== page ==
Even more difficulties arise when trying to quantitatively measure fluorescence. As fluorescence only releases photons after absorbing photons of higher energy, the only way of getting a sustained signal is through bombarding a sample with photons. The number of photons of appropriate wavelength striking a sample leading in photon signal emission becomes nearly even more impossible to count with electrical inconsistencies compounding on the analog signal-digital count problem. Thus in constructing an affordable machine and better quantifying and characterizing the light output of our proteins, we are attacking the problem of comparing data by allowing incredibly similar relative measurements to be taken across iGEM teams and more. By eliminating at least one of the major problems with relative measurements (drastically different access to hardware and the expensive nature of normalizing this type of signal) we can ensure the reproducibility of our specific reads. Reproducibility is key to building accurate and accountable biotechnologies.

Our original goal was to be able to design a fluorimeter solely using the materials available in the Arduino Ultimate Starter Kit. This package came with an Arduino Uno along with several helpful components such as LEDs, buzzers, relays, and a Light Dependent Resistor (LDR). The LDR is a resistor that has resistance inversely proportional to light: it has tiny resistance (100s of ohms) when a lot of light strikes it and very large resistance (10,000s of ohms) when in complete darkness. It soon became apparent, however, that the LDR would not be sufficient for our purposes: the device was not sensitive in low light, the signal was small, and the response time was very slow. Here is a graph of one of our trials where we simply turned the lights off and slowly changed the screen brightness of a computer in the room:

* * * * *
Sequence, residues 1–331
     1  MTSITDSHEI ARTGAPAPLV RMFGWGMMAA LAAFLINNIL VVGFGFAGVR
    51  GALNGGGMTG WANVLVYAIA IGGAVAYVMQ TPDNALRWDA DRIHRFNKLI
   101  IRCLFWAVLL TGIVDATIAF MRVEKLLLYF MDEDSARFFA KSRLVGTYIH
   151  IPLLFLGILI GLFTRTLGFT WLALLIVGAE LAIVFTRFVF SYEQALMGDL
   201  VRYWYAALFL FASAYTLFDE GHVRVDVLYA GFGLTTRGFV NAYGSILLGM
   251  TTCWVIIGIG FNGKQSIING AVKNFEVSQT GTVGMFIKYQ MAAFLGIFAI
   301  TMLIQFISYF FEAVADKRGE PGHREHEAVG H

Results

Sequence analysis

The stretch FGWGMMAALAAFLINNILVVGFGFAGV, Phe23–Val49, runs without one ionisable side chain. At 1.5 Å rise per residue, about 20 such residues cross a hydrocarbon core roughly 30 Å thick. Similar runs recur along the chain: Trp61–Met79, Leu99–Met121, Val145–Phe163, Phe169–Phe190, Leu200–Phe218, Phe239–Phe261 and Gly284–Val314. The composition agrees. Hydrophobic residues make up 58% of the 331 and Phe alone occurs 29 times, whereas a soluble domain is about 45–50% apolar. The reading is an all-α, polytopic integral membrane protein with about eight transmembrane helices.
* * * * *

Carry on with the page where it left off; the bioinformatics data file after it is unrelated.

As the graph shows, there was no discernible change between each level of brightness (just a general upward trend), there is an incredible amount of noise making a stable reading impossible, and the response time was in the order of tens of seconds. We decided to tackle these problems individually. First, we tried to smooth out the signal. For those who are not in the field of electrical engineering, this required the use of either an inductor or a capacitor. We decided use capacitors since they were more readily available. A capacitor is a device made up of two parallel metal plates that are not touching each other so that, when a voltage is applied to these plates, an electrical field is created in between them! This field stores energy proportional to its capacitance, so it will store energy when voltage is applied over it and it will give off a voltage when there is no voltage across it. To simplify this thought, a capacitor can almost be thought of as a really small rechargeable battery. Thus, when we place a capacitor in parallel with our LDR, if the signal is high it will store energy and if the signal is low it will raise give off energy! Assuming we are using only a small capacitor, this signal will look smoother with the possible trade off of a small time delay capacitor discharges.